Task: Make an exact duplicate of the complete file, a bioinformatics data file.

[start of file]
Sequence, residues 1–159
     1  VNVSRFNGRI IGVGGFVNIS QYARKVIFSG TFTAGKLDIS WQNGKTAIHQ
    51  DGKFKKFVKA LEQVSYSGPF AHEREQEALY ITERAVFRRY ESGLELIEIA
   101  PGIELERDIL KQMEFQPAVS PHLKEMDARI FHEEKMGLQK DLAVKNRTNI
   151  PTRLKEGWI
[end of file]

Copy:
Sequence, residues 1–159
     1  VNVSRFNGRI IGVGGFVNIS QYARKVIFSG TFTAGKLDIS WQNGKTAIHQ
    51  DGKFKKFVKA LEQVSYSGPF AHEREQEALY ITERAVFRRY ESGLELIEIA
   101  PGIELERDIL KQMEFQPAVS PHLKEMDARI FHEEKMGLQK DLAVKNRTNI
   151  PTRLKEGWI